Do you know how to make medical record corrections and amendments? CMS refers to information that occurs following the visit documentation as “amendments”. Did you ever finish a note only to discover several days later that you forgot to add something? Whether on a paper and pencil system or electronic medical record system (EMR) there is specific guidance on how corrections, amendments and addendums are to be entered and documented. This week the Joint DME Task Force notified DME providers of their collective concerns as a result of recent audits of the corrections and amendments that are not properly documented or provided during medical review and audit. This information provided by the Task Force is applicable to all providers, not just those enrolled as DMEPOS suppliers.
Pointers on How to Make Medical Record Corrections and Amendments
The Medicare Program Integrity Manual (Internet-only Manual 100-08), Chapter 3, Section 126.96.36.199 provides the following guidance on amendments, corrections and delayed entries:
Regardless of whether a documentation submission originates from a paper record or an electronic health record, documents submitted to MACs, CERT, Recovery Auditors, and ZPICs containing amendments, corrections or addenda must:
- Clearly and permanently identify any amendment, correction or delayed entry as such; and,
- Clearly indicate the date and author of any amendment, correction or delayed entry; and,
- Not delete but instead clearly identify all original content.
As noted by the DME Task Force, these record keeping principles apply to all medical records, whether electronic or handwritten; however, the Program Integrity Manual also specifically addresses amendments, corrections and delayed entries in EHRs with the following instructions:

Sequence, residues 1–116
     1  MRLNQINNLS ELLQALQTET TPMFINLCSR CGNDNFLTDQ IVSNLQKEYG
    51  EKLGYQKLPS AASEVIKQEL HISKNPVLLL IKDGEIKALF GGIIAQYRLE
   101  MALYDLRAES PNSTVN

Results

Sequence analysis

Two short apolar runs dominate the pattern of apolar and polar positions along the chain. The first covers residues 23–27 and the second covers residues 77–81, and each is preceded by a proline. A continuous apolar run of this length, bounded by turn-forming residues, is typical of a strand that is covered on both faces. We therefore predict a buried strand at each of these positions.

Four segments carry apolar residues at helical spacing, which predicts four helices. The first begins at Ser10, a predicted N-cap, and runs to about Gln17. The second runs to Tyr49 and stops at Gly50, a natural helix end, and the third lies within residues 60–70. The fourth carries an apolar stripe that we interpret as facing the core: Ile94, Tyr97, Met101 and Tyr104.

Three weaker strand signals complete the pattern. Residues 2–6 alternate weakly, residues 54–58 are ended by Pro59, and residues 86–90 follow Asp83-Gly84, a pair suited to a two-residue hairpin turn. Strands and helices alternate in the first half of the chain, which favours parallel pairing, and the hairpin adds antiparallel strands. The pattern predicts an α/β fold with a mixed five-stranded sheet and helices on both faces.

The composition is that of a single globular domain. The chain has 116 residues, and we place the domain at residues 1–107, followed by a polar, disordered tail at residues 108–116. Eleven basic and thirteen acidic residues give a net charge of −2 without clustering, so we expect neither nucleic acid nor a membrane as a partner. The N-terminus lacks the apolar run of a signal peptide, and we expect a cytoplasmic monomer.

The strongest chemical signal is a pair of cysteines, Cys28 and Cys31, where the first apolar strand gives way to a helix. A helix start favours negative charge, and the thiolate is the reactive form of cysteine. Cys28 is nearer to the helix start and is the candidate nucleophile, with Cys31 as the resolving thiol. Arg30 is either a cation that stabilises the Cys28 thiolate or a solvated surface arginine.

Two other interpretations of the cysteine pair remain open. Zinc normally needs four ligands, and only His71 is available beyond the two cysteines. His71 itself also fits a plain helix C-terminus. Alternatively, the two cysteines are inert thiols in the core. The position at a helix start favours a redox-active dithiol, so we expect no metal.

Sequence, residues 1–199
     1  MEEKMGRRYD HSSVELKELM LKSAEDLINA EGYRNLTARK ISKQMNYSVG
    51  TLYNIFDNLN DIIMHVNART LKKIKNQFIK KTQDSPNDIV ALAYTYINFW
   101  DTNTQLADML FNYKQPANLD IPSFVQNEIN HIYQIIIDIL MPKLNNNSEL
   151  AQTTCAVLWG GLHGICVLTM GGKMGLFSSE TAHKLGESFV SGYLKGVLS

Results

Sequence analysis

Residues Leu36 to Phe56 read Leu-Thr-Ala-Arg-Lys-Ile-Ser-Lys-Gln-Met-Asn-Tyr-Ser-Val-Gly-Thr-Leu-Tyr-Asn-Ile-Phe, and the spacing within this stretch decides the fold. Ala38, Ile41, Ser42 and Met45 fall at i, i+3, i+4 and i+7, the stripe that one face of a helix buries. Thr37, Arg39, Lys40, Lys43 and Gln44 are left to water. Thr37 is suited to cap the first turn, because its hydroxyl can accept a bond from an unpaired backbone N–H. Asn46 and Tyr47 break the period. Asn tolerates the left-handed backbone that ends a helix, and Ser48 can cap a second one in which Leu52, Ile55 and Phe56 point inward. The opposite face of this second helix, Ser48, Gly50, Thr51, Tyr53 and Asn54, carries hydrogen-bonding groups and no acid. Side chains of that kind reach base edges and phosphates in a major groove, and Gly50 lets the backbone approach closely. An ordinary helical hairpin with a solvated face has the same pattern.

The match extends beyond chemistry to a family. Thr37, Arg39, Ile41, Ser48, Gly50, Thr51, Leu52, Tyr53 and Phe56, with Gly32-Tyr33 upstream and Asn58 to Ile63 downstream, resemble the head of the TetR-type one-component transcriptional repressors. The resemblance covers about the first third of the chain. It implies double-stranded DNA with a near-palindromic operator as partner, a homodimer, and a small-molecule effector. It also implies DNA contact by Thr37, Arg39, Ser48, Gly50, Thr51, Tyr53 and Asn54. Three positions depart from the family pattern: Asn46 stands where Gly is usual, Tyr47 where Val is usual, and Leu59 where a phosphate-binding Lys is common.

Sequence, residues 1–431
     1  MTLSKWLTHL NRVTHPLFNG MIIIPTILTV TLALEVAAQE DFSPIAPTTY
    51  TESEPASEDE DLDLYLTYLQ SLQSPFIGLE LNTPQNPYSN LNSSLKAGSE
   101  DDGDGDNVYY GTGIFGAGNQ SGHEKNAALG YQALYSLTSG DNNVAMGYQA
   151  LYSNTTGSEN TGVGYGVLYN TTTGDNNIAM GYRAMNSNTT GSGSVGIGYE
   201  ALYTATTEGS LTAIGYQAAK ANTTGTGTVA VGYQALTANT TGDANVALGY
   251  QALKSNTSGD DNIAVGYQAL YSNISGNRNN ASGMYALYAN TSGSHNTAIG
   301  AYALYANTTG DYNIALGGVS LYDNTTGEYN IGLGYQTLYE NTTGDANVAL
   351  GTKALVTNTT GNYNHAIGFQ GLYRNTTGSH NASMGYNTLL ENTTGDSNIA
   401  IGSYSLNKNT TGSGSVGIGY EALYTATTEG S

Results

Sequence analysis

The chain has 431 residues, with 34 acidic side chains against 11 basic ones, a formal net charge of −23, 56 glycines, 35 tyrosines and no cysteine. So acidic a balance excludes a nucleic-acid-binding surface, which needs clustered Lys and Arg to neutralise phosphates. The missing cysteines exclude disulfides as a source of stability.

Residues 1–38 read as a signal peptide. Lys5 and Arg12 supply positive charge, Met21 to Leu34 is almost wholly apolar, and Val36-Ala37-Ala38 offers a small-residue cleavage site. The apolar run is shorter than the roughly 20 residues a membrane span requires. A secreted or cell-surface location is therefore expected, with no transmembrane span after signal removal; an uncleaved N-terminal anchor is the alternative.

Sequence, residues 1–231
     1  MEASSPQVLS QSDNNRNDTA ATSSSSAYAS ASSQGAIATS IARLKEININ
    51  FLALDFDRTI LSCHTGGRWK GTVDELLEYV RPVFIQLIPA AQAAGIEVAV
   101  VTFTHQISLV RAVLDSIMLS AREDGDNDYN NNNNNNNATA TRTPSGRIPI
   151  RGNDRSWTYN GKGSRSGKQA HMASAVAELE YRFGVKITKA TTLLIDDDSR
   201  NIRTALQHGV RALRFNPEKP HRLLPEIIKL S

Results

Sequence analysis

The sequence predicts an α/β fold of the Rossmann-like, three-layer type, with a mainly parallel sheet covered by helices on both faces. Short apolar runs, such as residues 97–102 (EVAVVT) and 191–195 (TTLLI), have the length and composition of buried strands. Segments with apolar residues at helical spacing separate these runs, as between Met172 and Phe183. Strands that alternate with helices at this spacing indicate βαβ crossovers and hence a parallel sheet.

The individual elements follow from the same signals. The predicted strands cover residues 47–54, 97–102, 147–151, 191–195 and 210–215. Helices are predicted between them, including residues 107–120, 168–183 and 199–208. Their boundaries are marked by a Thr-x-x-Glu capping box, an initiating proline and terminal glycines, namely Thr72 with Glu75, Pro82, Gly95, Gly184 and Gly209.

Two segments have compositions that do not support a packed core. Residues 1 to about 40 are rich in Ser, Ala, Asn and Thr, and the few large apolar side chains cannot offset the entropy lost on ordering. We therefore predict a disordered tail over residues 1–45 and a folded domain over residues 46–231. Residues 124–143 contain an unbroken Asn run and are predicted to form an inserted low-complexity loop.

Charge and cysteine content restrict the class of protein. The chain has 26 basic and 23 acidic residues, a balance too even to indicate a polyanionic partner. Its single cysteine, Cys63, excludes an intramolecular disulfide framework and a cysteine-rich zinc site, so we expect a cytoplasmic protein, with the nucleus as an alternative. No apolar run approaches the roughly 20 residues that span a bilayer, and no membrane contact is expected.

Medical record keeping within an EHR deserves special considerations; however, the principles above remain fundamental and necessary for document submission to MACs, CERT, Recovery Auditors, and ZPICs. Records sourced from electronic systems containing amendments, corrections or delayed entries must:
- Distinctly identify any amendment, correction or delayed entry; and,
- Provide a reliable means to clearly identify the original content, the modified content, and the date and authorship of each modification of the record.
We are also cautioned by the DME task force that “manner in which an EHR system notates amendments and corrections can differ by software vendor”. And as a result a provider may not be aware of the outputting both the original and amended documentation note when send the claim for medical review. Often reviewers receive only the “amended record with no indication of what was amended or corrected, when the change occurred or by whom the change was made.” As such the failure to provide a complete record including changes inconsistent with the CMS manual instructions may result in claim denial.
The final guidance offered by the Task Force on how to make medical record corrections and amendments is that “suppliers must ensure that if providing a medical record that has been amended or corrected, that the original medical record note is also provided to the requesting entity.”
Do you ever correct your therapy notes? Are you correcting them according to the three steps noted above?
Source: Joint DME MAC Publication